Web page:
Integrating histology and histopathology teaching in practical classes using virtual slides

Authors

  • Rakesh K. Kumar,

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    • Department of Pathology, School of Medical Sciences, University of New South Wales, Sydney 2052, Australia
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    • Dr. Kumar is a professor in the Department of Pathology at the University of New South Wales (UNSW) and is actively involved in teaching and curriculum development for medicine and science students. His research interests are in the role of cytokines and growth factors in the pathogenesis of asthma.

    • Fax: 61-2-93851389

  • Brian Freeman,

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    • Dr. Freeman is an associate professor in the Department of Anatomy at UNSW. He teaches gross, microscopic, and developmental anatomy and is the director of teaching for the School of Medical Sciences. His field of research is human embryology and he recently translated Anatomie und Ontogenese des Menschen into English.

  • Gary M. Velan,

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    • Dr. Velan is a senior lecturer in the Department of Pathology at UNSW and head of teaching for the discipline. He is involved in curriculum development, teaching, assessment, and evaluation of courses for medicine and science students. His re-search is based on the effects of innovations in teaching and assessment practices on student learning.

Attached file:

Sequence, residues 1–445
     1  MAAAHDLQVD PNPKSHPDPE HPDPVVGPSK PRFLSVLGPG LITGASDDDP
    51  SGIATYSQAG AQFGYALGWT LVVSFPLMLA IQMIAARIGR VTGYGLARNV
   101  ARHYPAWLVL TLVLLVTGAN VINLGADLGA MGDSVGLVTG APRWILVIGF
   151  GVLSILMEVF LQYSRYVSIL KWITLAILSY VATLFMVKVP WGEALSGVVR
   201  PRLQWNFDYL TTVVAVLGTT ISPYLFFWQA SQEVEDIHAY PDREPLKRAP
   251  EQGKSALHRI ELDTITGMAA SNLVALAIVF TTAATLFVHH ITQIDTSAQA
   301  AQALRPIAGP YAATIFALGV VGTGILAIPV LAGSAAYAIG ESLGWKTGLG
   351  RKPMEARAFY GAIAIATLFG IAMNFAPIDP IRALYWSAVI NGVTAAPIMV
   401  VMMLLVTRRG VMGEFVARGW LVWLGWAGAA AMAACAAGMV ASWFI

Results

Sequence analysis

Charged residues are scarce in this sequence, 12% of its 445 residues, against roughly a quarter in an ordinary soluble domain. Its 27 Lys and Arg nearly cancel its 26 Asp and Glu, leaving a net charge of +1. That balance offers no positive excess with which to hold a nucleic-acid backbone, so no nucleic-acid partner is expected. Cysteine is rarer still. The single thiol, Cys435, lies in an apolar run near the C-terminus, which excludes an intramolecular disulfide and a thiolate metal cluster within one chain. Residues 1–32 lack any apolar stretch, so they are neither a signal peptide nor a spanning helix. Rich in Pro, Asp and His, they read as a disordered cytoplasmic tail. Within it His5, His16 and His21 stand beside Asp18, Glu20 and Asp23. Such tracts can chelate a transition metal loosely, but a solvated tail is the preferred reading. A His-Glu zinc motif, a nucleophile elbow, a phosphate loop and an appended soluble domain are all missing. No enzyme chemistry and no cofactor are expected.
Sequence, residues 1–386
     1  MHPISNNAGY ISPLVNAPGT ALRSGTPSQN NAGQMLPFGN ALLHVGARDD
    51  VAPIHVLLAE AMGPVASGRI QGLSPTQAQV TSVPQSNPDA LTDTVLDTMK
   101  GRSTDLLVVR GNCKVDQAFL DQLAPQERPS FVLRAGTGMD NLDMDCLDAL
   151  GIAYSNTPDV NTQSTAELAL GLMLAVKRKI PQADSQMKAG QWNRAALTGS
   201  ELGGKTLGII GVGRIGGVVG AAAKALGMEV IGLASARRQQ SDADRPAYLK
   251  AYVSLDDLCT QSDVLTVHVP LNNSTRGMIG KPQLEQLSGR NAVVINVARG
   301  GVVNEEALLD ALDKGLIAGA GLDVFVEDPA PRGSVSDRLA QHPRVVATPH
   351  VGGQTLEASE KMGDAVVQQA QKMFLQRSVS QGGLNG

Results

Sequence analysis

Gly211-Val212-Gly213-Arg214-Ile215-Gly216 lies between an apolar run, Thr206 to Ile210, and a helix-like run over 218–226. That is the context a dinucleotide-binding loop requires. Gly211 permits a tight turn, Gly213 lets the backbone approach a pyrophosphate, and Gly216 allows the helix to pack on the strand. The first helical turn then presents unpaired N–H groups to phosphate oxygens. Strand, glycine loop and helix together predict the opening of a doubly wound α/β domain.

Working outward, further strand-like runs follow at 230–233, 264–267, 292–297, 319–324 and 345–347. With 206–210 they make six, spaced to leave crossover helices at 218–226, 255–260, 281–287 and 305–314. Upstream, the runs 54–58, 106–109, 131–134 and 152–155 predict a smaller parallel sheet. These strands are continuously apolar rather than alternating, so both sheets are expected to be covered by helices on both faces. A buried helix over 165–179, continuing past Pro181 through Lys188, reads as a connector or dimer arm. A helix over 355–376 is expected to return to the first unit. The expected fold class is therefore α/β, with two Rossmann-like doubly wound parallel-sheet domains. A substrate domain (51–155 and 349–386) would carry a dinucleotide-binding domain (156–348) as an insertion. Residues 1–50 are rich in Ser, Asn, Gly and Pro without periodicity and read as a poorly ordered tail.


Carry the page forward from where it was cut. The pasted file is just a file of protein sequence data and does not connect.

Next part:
• Patrick J. De Permentier

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    • Mr. de Permentier is a lecturer in the Department of Anatomy, UNSW, and teaches gross anatomy, histology, and embryology to medicine, science, and biomedical engineering students. His principal interests are in the further development of cross-disciplinary teaching and in course assessment and evaluation.


Abstract

The new medicine program at the University of New South Wales employs scenario-based learning with vertically integrated classes of year 1 and year 2 students, as well as horizontally integrated teaching with no discipline-specific courses. Coinciding with its introduction, we undertook comprehensive revision of the approach to teaching microscopic anatomy and pathology. We designed practical classes around virtual slides, which are high-magnification digital images of tissue sections stored in a multiresolution file format, viewable in a Web browser in a manner closely simulating conventional microscopy. In these classes, we integrated the teaching of histology and histopathology, introducing students to the microscopic features of tissues and organs, and giving them the opportunity to compare and contrast the normal with the abnormal in various disease states. Members of academic staff from both anatomy and pathology were present to promote discussion and respond to questions. Worksheets defined learning objectives and provided clinical cases as contexts for learning in each class. Evaluation revealed that students strongly supported the integrated approach. The efficiency of the teaching method meant that it was possible to work through 5–8 virtual slides per 2-hr class without difficulty. Students displayed considerable initiative in exploring the histological features of tissues, identifying the changes in various pathological states, and recognizing their relationship to clinical manifestations. We believe that the approach we have developed should help to minimize the potential adverse impact of curriculum reform on the teaching of morphology, while ensuring that learning remains both meaningful and interesting. Anat Rec (Part B: New Anat) 289B:128–133, 2006. © 2006 Wiley-Liss, Inc.

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